The study, overseen by the University of Aberdeen and to last three and a half years, will focus on developing a better understanding of wrasse biology and the wrasse fishery, as well as producing guidance for fishery management in Scotland, said the Scottish Salmon Producers’ Organisation (SSPO) announcing the scheme today.
An average of 50 tonnes of wrasse are caught each year in Scottish waters for use as cleaner fish to control sea lice numbers on salmon farms.
While the development of wrasse farming progresses, alongside the farming of the other main cleaner fish species, lumpfish, the harvesting of wild wrasse populations to meet the sector’s needs is likely to continue for some time, said the SSPO.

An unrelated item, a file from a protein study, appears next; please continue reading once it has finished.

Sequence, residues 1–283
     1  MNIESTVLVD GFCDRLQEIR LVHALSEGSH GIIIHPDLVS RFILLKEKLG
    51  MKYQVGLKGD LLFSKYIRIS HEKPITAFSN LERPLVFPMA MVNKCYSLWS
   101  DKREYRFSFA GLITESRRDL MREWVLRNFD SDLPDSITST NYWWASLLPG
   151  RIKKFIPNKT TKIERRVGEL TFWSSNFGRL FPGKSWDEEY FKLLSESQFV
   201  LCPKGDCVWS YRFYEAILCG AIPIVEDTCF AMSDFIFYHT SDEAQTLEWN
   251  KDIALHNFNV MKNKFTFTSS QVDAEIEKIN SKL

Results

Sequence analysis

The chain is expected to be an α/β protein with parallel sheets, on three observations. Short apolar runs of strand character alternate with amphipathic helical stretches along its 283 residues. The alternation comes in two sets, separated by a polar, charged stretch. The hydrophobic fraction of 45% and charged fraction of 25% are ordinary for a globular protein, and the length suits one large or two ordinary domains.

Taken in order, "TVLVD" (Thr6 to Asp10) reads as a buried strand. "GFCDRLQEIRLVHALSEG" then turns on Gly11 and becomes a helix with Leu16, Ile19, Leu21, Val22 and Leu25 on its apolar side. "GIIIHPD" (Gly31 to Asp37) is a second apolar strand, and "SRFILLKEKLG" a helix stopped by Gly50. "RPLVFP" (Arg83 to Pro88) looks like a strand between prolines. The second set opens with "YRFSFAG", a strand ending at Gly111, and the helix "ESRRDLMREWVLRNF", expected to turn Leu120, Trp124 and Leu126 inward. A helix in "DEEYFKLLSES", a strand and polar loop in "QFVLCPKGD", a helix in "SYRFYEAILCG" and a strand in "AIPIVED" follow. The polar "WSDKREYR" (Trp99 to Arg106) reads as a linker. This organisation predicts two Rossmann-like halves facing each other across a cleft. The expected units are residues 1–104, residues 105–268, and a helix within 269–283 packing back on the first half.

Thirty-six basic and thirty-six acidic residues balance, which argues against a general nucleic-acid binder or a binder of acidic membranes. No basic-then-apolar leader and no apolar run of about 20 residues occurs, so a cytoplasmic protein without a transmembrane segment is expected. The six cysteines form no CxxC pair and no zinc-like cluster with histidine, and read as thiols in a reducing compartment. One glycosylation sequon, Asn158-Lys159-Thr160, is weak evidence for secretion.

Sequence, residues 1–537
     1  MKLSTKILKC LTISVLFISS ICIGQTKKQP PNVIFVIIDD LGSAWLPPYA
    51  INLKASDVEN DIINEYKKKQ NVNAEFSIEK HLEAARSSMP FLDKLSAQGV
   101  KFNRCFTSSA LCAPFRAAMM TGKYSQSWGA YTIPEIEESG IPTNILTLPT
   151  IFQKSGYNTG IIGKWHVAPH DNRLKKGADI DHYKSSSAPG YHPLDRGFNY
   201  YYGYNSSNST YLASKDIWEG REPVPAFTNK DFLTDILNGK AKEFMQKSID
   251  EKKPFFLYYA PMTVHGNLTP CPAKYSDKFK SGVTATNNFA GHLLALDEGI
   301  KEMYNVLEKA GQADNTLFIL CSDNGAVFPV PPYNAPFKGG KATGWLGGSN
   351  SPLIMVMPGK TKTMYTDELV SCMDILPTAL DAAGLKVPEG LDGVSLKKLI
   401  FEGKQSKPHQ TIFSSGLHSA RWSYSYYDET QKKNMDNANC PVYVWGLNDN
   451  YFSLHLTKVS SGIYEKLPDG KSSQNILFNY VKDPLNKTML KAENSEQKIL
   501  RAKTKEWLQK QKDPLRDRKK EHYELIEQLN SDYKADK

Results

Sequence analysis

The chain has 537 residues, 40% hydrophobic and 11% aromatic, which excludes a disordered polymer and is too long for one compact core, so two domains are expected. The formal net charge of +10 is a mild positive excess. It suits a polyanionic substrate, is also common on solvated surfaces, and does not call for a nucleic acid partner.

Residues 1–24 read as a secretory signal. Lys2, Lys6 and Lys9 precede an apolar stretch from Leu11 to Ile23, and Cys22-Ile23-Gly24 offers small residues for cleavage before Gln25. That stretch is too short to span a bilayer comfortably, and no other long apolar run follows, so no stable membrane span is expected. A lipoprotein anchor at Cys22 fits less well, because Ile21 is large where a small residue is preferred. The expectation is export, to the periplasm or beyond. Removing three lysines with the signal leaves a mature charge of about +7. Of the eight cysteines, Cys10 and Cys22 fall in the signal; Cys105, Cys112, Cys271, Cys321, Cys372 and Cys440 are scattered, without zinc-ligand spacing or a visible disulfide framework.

The management of the fishery is based on existing statutory requirements, as well as voluntary measures that will become a statutory requirement during the 2021 season, which starts on May 1.
Wrasse fishermen and salmon farmers have committed to collecting and supplying data on catches in this relatively new commercial fishery, as current data covers only a short-time span and is not yet able to support the development of fisheries management plans or the setting of catch quotas.
The aim of the PhD research will be to use laboratory and field studies, and information about current and historical wrasse fishing practices, to develop sustainable harvesting strategies and guidance.
‘The project will result in Scotland developing a highly and uniquely trained expert in wrasse sustainability, who will be able to pursue a range of potential career paths,’ said the SSPO.
Further information and application details can be found here.